Nellie McKay at 54 Below.
Deep into her set at 54 Below last night, Nellie McKay gave a clue, in the only original song she performed, as to why she’d chosen to do an album, the new My Weekly Reader, of 60s tunes. Seated at the piano, the outspoken animal activist sang about not wanting to sing about carriage horses and vivisection—she just wanted inner peace. Of course, inner (and outer) peace was the name of the game in the latter part of the 60s, with a little love and understanding on the side. (A subtle liquid light show pulsed behind Nellie, and incense wafted around the tables.)
Although Nellie heightened the effect with a flower-child kimono, and pronounced echo on her vocals, it was clear, ensconced in the glittery show-biz elegance of the club, that we were not at Woodstock (no rolling in mud would commence). And Nellie was hardly out of her element in this theater-oriented place; she appeared in Old Hats in 2013 and won a Theatre World Award for her performance in Threepenny Opera in 2006.
Some people have a career arc. Nellie’s is more of a career roller coaster, and wouldn’t it be fun to ride the wheels of her brain for a while and find out just why she makes the choices she does. After taking the music world by storm at 21 with her double album—the doubleness instigated a tussle with her label, Columbia, for Nellie does not shy away from tussles—Get Away from Me (note the subversive humor already asserting itself), she went on to, aside from performing in the Broadway shows mentioned above, play both conservationist Rachel Carson and Billy Tipton, a female musician who passed for male, in bio-concerts she conceived herself (the latter also at 54 Below).
And along with the periodic albums of her own expert and genre-defying songs (e.g., “I Wanna Get Married,” “The Dog Song,” “Zombie,” the gorgeous “Bruise on the Sky”), she performed on the quirky public-radio show A Prairie Home Companion and recorded a tribute album of the songs of Doris Day—whom she invariably called “Miss Day” when I interviewed her for Vanity Fair’s website a few years ago. (Her pit bulls, Bessie and Hank, appeared with her on the cover of the album. I once got to play indoor fetch with Bessie with an extremely slobbered-upon green ball.)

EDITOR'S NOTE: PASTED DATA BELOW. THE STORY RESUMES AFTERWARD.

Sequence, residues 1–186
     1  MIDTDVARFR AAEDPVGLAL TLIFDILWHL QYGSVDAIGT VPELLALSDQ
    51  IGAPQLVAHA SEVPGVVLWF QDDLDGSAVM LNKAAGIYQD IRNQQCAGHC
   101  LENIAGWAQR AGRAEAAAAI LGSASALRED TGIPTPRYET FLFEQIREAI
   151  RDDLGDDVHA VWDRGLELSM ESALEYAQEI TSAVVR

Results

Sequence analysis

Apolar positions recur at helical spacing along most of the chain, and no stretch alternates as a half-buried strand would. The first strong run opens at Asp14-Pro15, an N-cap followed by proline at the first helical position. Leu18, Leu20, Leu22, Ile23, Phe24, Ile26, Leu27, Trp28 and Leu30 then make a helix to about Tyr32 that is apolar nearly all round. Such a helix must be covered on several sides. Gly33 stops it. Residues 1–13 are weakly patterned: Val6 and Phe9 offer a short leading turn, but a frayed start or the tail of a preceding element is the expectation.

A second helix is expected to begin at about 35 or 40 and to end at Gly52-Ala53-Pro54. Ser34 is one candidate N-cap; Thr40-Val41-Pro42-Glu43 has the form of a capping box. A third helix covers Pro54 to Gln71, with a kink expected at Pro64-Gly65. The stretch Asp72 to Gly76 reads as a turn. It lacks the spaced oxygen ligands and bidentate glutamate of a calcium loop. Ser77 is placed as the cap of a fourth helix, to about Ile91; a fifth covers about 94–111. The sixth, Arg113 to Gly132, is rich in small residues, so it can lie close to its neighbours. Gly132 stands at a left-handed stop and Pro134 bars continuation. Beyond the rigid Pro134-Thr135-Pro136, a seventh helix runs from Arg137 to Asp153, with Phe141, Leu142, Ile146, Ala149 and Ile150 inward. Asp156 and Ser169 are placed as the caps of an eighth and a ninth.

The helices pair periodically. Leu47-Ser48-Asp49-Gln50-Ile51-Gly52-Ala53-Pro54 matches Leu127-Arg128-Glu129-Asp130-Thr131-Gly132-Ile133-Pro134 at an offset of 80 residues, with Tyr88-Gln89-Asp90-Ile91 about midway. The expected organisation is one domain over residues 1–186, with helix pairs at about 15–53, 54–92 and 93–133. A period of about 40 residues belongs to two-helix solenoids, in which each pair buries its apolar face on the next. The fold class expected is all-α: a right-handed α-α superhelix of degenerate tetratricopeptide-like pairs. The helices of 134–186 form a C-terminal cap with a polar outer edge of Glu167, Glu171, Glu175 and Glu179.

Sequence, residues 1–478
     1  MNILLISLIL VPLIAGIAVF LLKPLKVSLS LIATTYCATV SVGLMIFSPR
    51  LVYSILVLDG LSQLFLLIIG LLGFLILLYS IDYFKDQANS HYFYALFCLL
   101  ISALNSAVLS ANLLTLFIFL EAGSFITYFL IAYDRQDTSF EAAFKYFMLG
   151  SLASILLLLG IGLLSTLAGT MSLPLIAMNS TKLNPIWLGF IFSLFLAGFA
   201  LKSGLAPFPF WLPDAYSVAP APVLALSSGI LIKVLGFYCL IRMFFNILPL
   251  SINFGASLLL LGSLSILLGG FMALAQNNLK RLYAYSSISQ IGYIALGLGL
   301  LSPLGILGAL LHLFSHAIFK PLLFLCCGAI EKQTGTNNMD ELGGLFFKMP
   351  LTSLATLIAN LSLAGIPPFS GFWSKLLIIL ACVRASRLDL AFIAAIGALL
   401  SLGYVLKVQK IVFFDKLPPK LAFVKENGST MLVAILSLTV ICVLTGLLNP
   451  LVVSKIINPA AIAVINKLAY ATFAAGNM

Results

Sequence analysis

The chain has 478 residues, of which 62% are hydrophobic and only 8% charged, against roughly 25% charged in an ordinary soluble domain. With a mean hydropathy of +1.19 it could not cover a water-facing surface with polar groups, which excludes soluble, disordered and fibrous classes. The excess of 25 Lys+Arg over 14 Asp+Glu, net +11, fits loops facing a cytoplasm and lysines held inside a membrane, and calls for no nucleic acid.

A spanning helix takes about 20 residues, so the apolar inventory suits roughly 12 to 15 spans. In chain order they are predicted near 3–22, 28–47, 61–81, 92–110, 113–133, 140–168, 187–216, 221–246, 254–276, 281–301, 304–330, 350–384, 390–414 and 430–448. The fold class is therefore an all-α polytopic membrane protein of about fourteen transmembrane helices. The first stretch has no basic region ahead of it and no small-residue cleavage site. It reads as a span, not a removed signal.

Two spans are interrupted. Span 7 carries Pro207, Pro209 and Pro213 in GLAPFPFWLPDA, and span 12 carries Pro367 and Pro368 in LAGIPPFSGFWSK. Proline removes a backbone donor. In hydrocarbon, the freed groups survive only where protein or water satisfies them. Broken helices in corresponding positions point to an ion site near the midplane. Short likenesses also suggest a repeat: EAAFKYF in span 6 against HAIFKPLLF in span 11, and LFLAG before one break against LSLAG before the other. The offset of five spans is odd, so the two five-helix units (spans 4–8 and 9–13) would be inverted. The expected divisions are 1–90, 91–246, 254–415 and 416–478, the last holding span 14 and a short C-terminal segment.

So now: the 60s. Right-up-her-alley protest songs included Country Joe McDonald’s “I-Feel-Like-I’m-Fixin’-to-Die Rag,” with updated lyrics (“Don’t ask me, I don’t give a frack/Next stop will be Iraq”) and introduced with the famous Woodstock cheer (“Gimme an F, gimme a U…”). These were counterbalanced by such tender works as Gerry and the Pacemakers’ “Don’t Let the Sun Catch You Crying” and John Lennon’s “If I Fell.” She was backed by the fabulous Cosmic X-Rays: guitarist Cary Park, drummer Kenneth Salters, and bassist Alexi David. They supplied some nice harmonies, but you need to listen to My Weekly Reader to hear Nellie’s shimmering harmonies with herself, as on “Quicksilver Girl.”
During the set, she switched from piano to ukulele and back again, with the occasional harmonica riff. She added a Hammond organ to atmospheric effect on Eugene McDaniels’ “Compared to What,” which, unfortunately, is not on the new album. Neither is Cream’s “I Feel Free,” in which her ethereal voice took on some grit as she stood at the mic. Even her tambourine seemed to vibrate with purpose.
As I was Googling “I Feel Free,” Nicki Minaj’s song of that title came up, so I checked out the lyrics to both songs. Minaj’s have swagger: “We just bought the bar/…She know I’m a star.” Cream’s have transcendence: “Dance floor is like the sea/…You shine on me.” It’s not taking anything away from the resplendently fierce Nicki to say that this contrast would make me understand, if I did not already, Nellie’s pull toward the 60s. But whatever decade or style her crazy ride might take her to, I feel sure that she will continue to shine on us.
On a personal note, it was lovely to see Nellie again. Her kimono reminded me of the colorful caftan and Dolly Parton–esque wig she'd worn at the release party for her beautiful and biting album Home Sweet Mobile Home. Not surprisingly, besides being wickedly talented, she's wickedly funny.